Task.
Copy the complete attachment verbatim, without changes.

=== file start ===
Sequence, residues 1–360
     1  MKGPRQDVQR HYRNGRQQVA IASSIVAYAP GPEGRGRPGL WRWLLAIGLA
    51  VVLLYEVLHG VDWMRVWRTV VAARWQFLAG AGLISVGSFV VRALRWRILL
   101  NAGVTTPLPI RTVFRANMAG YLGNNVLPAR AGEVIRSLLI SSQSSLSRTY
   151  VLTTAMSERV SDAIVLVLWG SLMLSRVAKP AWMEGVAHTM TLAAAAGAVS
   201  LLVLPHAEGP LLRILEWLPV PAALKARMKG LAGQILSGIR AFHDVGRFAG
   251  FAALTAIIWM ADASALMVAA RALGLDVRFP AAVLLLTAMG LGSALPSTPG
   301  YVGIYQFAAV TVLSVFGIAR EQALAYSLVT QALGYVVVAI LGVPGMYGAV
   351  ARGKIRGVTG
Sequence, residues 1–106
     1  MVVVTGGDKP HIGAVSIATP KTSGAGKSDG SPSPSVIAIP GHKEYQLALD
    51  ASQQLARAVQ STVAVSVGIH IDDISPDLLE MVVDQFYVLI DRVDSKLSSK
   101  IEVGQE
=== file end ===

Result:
Sequence, residues 1–360
     1  MKGPRQDVQR HYRNGRQQVA IASSIVAYAP GPEGRGRPGL WRWLLAIGLA
    51  VVLLYEVLHG VDWMRVWRTV VAARWQFLAG AGLISVGSFV VRALRWRILL
   101  NAGVTTPLPI RTVFRANMAG YLGNNVLPAR AGEVIRSLLI SSQSSLSRTY
   151  VLTTAMSERV SDAIVLVLWG SLMLSRVAKP AWMEGVAHTM TLAAAAGAVS
   201  LLVLPHAEGP LLRILEWLPV PAALKARMKG LAGQILSGIR AFHDVGRFAG
   251  FAALTAIIWM ADASALMVAA RALGLDVRFP AAVLLLTAMG LGSALPSTPG
   301  YVGIYQFAAV TVLSVFGIAR EQALAYSLVT QALGYVVVAI LGVPGMYGAV
   351  ARGKIRGVTG
Sequence, residues 1–106
     1  MVVVTGGDKP HIGAVSIATP KTSGAGKSDG SPSPSVIAIP GHKEYQLALD
    51  ASQQLARAVQ STVAVSVGIH IDDISPDLLE MVVDQFYVLI DRVDSKLSSK
   101  IEVGQE